And instead they would prefer to lose under the leadership of Charles Schumer and Nancy Pelosi! Hell, if by some miracle Bernie Sanders were to win the 2020 Democratic presidential nomination (HINT: not going to happen), he’d need to make sure the Secret Service were keeping vigilant watch on Pelosi, who would be eager to shank Bernie during his first State of the Union where he’d try to enunciate his Scandinavian-inspired welfare state policies.

Damn that’s good!

Meanwhile, in the other wing of the Reichstag…

The past four years have shown that, contra Buckley, in fact it is the Republicans who will gladly allow the lunatic fringe political actors within their voter base to not just taste a dab of power but let them run the show off a cliff. The political spectrum within the GOP has shifted so far to the extreme that now Mitt Romney, who I always thought of as being a perfect illustration of Marx’s Mr. Moneybags in Das Kapital, an incarnate Scrooge McDuck walking amongst us, seems like Michael Harrington! Donald Trump took over the GOP and overnight turned it into a blatantly white nationalist outfit (the entry of the war-mongering neocons into Hillary Clinton’s ‘big tent’ coalition is noteworthy still). Jeffrey St. Clair hit the nail on the head in his extremely funny memoir of the 2016 election: “Trump for President is the Greatest Spectacle on Earth-or at least on Fox News. Who else has shredded Roger Ailes on his own network? What other Republican has defended single-payer health care? Derided Citizens’ United? Inveighed against global trade pacts? Denounced the Iraq War as an act of unparalleled stupidity? Aggressively pushed a progressive taxation model? It’s as if Trump has stepped right off the pages of Ralph Nader’s Dickensian romp of a novel, Only the Super-Rich Can Save Us!”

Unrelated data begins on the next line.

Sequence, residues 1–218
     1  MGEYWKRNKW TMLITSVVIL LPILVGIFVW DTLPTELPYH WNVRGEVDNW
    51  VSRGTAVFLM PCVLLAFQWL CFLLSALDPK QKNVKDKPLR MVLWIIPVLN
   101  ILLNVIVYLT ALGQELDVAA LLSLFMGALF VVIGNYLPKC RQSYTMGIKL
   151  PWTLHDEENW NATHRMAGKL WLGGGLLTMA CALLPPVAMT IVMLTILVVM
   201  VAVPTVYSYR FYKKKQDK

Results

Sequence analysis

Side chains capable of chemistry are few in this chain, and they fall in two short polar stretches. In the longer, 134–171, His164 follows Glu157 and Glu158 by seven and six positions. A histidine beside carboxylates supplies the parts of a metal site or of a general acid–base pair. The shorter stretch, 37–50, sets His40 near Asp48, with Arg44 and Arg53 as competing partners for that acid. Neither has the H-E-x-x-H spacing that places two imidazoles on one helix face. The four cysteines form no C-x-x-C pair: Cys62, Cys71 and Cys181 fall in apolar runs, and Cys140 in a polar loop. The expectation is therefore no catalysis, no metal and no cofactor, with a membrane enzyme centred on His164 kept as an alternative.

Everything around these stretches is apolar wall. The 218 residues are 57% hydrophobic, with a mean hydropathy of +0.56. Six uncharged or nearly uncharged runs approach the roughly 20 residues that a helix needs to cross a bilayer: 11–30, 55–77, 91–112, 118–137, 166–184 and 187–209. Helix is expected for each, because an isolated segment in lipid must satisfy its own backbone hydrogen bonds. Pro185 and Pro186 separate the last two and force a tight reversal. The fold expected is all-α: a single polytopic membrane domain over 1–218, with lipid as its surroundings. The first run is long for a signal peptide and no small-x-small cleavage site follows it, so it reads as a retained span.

I don’t know whether to laugh at the fact that Buckley has been proven wrong or cry because his failure is so deeply disturbing to witness. Despite this, the failure is complete. One major element of his biography was claiming he made conservatism a respectable statesman’s philosophy again by thoroughly purging from the ranks anti-Semites, the John Birch Society, and other kooks that invited disrepute. Now it seems those are the major personalities within the Trump base.

Another further irony is that Buckley’s tome, which launched a career spent assaulting affirmative action and related principles, was essentially a plea for…affirmative action! The entire thesis of G&M@Y was that the university was promoting secular philosophical and cultural hegemony that was deeply prejudiced against orthodox Christianity and particularly Buckley’s own reactionary variation of Roman Catholicism. Phrased alternatively, one could say that the entire Conservative political project was born of a plea for a certain type of (white) Catholic identity politics. His 1977 retrospective introduction to the volume seems to go on for pages without end about how nasty anti-Catholic bigots in the mainstream WASP press were hellbent on destroying his fledgling career as a scribe. (What a shame they failed…)

Meanwhile, Yale continues to be the hypocritical ivory tower of New Haven, featured in the headlines regularly for incidents of anti-Black racism and promoting liberal white supremacy. Instead of being a New England Comintern bureau, it aligns more than ever with Buckley’s ideals, begging the final query:

Is this yet another notch against Buckley’s forecast or instead the ultimate arbiter of his ideological success?